Dan's reason for wanting Language Stability is flawed.


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Thread: Dan's reason for wanting Language Stability is flawed.

  1. #1
    Jonathan Allen Guest

    Dan's reason for wanting Language Stability is flawed.

    This clam is harsh, but honest. I believe I can show that Dan has not
    seriously considered his position.

    First the definition of language stability.

    "Language refers to the core language of a development system as opposed to
    the product itself. That is, the core syntax and behavior of written code.
    Excluded from this term is functionality that changes in character with
    operating system or platform context (many API functions and user interface
    functions). That is not to say that Product Stability is not important, only
    that the discussion here regards Language Stability"

    "The end result of a stable language is that a Module from one release will
    compile and run correctly in the next release provided only that the Module
    is restricted to core functionality (no platform specific API's or UI but
    otherwise any code in any Procedure)."

    Now, the reason why it is important.

    "Completed Code is an asset to the Application or Library Owner. The source
    language is the container for that asset."

    There is a fundamental flaw here. The code is an asset. However, code
    depends on both the language and the API. If the API is changed, then the
    code will not work. And thus, its value as an asset is lost.

    In conclusion, his argument is flawed because he is only considering the
    syntax of the language. In order to discuss code as an asset, the stability
    of both the language and all its dependencies must be considered.


    --
    Jonathan Allen





  2. #2
    Jonathan West Guest

    Re: Dan's reason for wanting Language Stability is flawed.


    "Jonathan Allen" <greywolfghost@cox.net> wrote in message
    news:3c89dd90@10.1.10.29...

    > In conclusion, his argument is flawed because he is only considering the
    > syntax of the language. In order to discuss code as an asset, the

    stability
    > of both the language and all its dependencies must be considered.


    I don't agree with this statement. To take a simple example, when VBA-based
    versions of Office were ported to the Mac, I didn't expect VBA code that
    used Windows API calls would work when moved across.

    The case is perhaps more arguable with optional components such as ADO.
    However I would regard ADO as a platform component rather than a language
    component, since it is equally available to several different languages.
    However, if you wanted to extend the principles of LS to the effect of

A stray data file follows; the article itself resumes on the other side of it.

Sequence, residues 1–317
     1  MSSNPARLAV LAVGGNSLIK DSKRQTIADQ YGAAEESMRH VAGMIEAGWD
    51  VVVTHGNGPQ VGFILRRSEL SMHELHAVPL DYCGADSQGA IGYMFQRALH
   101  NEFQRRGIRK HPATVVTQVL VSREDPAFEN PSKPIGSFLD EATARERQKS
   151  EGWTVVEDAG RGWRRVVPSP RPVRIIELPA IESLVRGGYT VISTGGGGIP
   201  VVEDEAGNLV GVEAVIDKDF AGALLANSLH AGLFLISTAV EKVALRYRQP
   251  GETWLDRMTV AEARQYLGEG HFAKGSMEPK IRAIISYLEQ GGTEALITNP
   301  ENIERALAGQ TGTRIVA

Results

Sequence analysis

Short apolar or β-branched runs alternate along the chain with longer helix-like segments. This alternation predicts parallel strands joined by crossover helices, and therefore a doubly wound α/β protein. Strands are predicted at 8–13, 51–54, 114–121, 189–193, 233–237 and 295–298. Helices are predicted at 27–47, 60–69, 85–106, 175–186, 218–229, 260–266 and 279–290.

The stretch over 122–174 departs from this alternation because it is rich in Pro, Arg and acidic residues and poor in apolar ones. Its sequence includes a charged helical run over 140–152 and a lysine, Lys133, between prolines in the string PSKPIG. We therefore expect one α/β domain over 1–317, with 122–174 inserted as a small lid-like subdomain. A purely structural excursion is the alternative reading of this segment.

changes in such components on the syntax of the source code in applications
    that access them, I would have no particular difficulty with that concept.

    However, since you have reached this point, what alternative suggestion do
    you have? Specifically:

    1. What do you think of as the purpose of Language Stability?

    2. What processes would you regard as necessary and sufficient to achieve
    that purpose?

    Let's see if we can be proactive and forward-looking on the subject.

    --
    Regards
    Jonathan West


  3. #3
    Jonathan Allen Guest

    Re: Dan's reason for wanting Language Stability is flawed.

    > I don't agree with this statement. To take a simple example, when
    VBA-based
    > versions of Office were ported to the Mac, I didn't expect VBA code that
    > used Windows API calls would work when moved across.


    Lets say you write a bunch of code in Windows Office. Your company then
    switches to Mac Office.

    The VBA langauge has not been changed. So acording to Dan's Language
    Stability theory, your code still has a value.

    Under my theory, you also have to looks at the code's dependancies. If your
    code depends on something that doesn't exist in the new system, then it has
    lost its value. That dependancy may be a Win32 API call, a COM component, or
    just a feature in Windows Office that Mac Office doesn't have.

    In order to maintain the value of your code as an asset, the language it is
    written in as well as all its dependancies must be stable. Change any piece,
    and the whole things falls apart.


    > 1. What do you think of as the purpose of Language Stability?


    By it self, all it does is reduce the need for retraining.

    > 2. What processes would you regard as necessary and sufficient to achieve
    > that purpose?


    Retraining occus all the time, so I am not overly concerned with it.

    ***********************

    As for code as an asset, there are two ways to protect it.

    1. Everything, not just the core langauge, must be stable.

    OR

    2. Allow the old version to run side-by-side with the new version. Include
    interoperability layers if necessary.

    I perfer method 2, as method 1 locks us into bad choices.


    --
    Jonathan Allen


    "Jonathan West" <jwest@mvps.org> wrote in message
    news:3c8b583f$1@10.1.10.29...
    >
    > "Jonathan Allen" <greywolfghost@cox.net> wrote in message
    > news:3c89dd90@10.1.10.29...
    >
    > > In conclusion, his argument is flawed because he is only considering the
    > > syntax of the language. In order to discuss code as an asset, the

    > stability
    > > of both the language and all its dependencies must be considered.

    >
    > I don't agree with this statement. To take a simple example, when